He sets on high those who are lowly, and those who mourn are lifted to safety (Job 5:11; cf., Ps. 147:6 and Ps. 113:7-8).
And verses that tell us The Lord is great and "has done great things" (Ps. 71:19; Ps. 126:2-3; Ps. 98:1), that His love for His people endures (Ps. 103:17) and He provides for those who fear Him and those who seek Him (Ps. 34:10; Ps. 107:9).

The last two verses of Mary's song remind us that God is keeping His covenant promise to Abraham and his offspring (Gen. 17:19) and to David (Ps. 132:11) by sending the babe whose birth we now prepare to celebrate. God declared time and again that He would remember His people, that He would not forget them, and Mary believed what was spoken.

He has remembered his steadfast love and faithfulness to the house of Israel. All the ends of the earth have seen the salvation of our God (Ps. 98:3).
You will show faithfulness to Jacob and steadfast love to Abraham, as you have sworn to our fathers from the days of old (Micah 7:20).

Mary might not have known the precious truths we know of Christ today – the exact details of Jesus' ministry – when she uttered The Magnificat, but she knew so many truths we need to remember everyday as we walk through the hardships of this life.

She might not have known that her baby boy would one day walk on water or that he would save the sons and daughters of Gentiles as well as Jews. But certainly she knew that, as the child she carried was the promised Messiah, he would deliver her.

Mary might not have realized that her baby boy had walked where angels trod or grasped that when she kissed her little baby, she kissed the face of God, that her son was the great "I Am." Perhaps she didn't understand fully that her baby boy would himself have the power to calm the storm with his hand or that he himself was the Lord of all creation about to be born a man, but she certainly knew that the power of God did those things. And because the words of the Old Testament were hid in her heart, we know that she knew her son might give sight to the blind and surely knew that the Messiah would one day rule the nations. For Isaiah prophesied that "In that day the deaf shall hear...the eyes of the blind shall see" (Isa. 29:18; Isa. 35:5), "behold, a king will reign in righteousness" (Isa. 32:1), and Zechariah prophesied that a king would come who would "speak peace to the nations; his rule from sea to sea, and from the River to the ends of the earth" (Zech. 9:10).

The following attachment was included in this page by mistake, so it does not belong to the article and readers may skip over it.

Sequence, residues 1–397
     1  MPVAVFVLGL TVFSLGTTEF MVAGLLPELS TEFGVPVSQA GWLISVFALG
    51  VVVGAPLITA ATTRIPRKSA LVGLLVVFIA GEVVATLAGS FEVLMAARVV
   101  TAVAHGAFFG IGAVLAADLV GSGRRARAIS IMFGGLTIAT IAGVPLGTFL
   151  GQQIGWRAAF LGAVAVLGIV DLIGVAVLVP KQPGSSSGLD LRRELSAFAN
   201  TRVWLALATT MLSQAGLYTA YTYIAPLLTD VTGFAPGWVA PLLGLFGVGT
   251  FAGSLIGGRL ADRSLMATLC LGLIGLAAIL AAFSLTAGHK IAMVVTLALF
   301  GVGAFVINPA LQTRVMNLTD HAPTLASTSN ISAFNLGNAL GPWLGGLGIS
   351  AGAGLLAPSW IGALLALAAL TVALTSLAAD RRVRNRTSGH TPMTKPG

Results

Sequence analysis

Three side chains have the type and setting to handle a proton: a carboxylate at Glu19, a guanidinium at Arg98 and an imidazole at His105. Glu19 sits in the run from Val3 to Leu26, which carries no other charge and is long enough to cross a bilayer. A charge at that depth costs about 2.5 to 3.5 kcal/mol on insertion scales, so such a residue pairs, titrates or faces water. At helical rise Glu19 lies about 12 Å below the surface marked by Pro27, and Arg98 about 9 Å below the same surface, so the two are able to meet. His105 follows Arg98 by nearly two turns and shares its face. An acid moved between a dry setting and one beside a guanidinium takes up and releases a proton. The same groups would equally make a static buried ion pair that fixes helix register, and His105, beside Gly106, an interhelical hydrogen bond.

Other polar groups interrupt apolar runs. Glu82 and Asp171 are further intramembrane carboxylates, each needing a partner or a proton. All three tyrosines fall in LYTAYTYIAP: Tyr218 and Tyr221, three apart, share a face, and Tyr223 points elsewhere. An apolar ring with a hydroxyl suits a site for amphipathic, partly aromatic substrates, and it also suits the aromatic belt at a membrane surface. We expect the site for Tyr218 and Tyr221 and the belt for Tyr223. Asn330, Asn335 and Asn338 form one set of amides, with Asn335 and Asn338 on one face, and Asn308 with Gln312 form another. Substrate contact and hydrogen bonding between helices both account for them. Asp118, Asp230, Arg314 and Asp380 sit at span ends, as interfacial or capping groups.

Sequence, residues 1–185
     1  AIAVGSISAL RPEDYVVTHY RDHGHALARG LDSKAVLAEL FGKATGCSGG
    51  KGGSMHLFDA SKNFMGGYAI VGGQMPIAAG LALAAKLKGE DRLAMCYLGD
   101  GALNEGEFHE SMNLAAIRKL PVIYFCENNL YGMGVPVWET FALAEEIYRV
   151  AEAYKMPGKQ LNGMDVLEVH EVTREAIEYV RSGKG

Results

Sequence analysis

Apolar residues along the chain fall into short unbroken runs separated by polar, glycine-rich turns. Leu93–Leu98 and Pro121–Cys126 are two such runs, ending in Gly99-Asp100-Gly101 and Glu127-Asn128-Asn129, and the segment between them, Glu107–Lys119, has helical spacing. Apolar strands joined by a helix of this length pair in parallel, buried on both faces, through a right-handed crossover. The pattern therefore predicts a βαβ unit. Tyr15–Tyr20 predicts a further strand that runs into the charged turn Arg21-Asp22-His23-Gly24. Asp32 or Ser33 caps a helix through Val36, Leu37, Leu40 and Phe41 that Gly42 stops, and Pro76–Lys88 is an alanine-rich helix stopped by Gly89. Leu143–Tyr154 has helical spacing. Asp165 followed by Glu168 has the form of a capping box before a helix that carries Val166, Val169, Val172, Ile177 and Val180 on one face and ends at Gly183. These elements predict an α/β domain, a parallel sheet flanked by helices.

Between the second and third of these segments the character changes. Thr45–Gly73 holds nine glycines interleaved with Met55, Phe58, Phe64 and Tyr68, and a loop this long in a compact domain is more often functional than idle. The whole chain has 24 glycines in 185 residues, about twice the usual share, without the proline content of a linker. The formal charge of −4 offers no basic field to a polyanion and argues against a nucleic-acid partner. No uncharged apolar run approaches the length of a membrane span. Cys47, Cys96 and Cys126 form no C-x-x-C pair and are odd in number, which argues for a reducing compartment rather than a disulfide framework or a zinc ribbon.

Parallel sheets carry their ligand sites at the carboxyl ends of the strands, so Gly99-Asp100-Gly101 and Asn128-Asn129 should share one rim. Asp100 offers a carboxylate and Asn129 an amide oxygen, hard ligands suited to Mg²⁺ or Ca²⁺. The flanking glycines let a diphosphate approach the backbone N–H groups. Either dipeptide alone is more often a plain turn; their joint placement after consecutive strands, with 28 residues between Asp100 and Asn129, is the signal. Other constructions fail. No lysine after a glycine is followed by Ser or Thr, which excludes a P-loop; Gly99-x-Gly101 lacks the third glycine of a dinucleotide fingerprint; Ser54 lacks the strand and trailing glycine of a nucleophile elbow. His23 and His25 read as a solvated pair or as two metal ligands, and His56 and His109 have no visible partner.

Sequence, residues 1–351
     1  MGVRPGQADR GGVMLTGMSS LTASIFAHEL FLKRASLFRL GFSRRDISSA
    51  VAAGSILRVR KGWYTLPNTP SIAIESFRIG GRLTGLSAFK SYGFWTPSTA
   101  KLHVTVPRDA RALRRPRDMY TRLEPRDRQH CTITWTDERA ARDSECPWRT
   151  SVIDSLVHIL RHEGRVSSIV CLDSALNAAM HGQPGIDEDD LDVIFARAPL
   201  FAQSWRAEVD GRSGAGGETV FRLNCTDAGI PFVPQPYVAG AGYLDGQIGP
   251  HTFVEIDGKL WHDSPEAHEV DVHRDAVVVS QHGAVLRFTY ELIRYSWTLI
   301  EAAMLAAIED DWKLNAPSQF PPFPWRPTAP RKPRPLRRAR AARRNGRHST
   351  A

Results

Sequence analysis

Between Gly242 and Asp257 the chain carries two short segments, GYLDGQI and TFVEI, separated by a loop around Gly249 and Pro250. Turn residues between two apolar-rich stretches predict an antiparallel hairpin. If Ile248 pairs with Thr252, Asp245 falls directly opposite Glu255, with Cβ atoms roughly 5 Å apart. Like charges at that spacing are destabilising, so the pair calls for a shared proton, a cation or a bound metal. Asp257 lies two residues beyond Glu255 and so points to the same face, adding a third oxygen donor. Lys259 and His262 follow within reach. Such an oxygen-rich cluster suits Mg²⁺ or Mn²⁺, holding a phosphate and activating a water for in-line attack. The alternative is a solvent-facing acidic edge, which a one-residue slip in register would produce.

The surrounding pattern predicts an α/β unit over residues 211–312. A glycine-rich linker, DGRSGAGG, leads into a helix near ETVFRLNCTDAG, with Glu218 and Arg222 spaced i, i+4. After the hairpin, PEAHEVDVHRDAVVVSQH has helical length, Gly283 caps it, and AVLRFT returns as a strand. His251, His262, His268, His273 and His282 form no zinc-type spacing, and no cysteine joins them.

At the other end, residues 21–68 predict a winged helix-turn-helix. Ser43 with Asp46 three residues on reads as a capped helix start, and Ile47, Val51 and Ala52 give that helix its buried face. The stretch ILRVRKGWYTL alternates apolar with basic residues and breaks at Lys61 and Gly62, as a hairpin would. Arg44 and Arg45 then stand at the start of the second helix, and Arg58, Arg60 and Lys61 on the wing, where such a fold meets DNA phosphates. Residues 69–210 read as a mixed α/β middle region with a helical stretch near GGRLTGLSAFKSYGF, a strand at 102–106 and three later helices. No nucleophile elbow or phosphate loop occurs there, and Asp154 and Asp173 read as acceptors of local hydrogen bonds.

What did Mary know as she contemplated the blessing she now carried, the promised Messiah whose birth we look forward to celebrating in just a few days? She knew the Word of God and, because she hid that Word in her heart, she knew joy and peace, and she knew that God's promise of salvation was true. This teenage, Jewish girl knew the faith our souls long for, a faith to be had by knowing the Word of God and the Son he sent to save us.

"Mary, Did You Know"
Mary, did you know
that your Baby Boy would one day walk on water?
Mary, did you know
that your Baby Boy would save our sons and daughters?
Did you know
that your Baby Boy has come to make you new?
And this Child that you delivered
Will soon deliver you.

Mary, did you know
that your Baby Boy would give sight to a blind man?
Mary, did you know
that your Baby Boy would calm the storm with His hand?
Did you know
that your Baby Boy has walked where angels trod?
And When you kiss your little Baby
You kiss the face of God?

Oh, Mary, did you know?

Mary, did you know?

The blind will see.
The deaf will hear.
The dead will live again.
The lame will leap.
The dumb will speak
The praises of The Lamb.

Mary, did you know
that your Baby Boy is Lord of all creation?
Mary, did you know
that your Baby Boy would one day rule the nations?
Did you know
that your Baby Boy is heaven's perfect Lamb?
And the sleeping Child you're holding
Is the Great, I Am

Rachel Pannell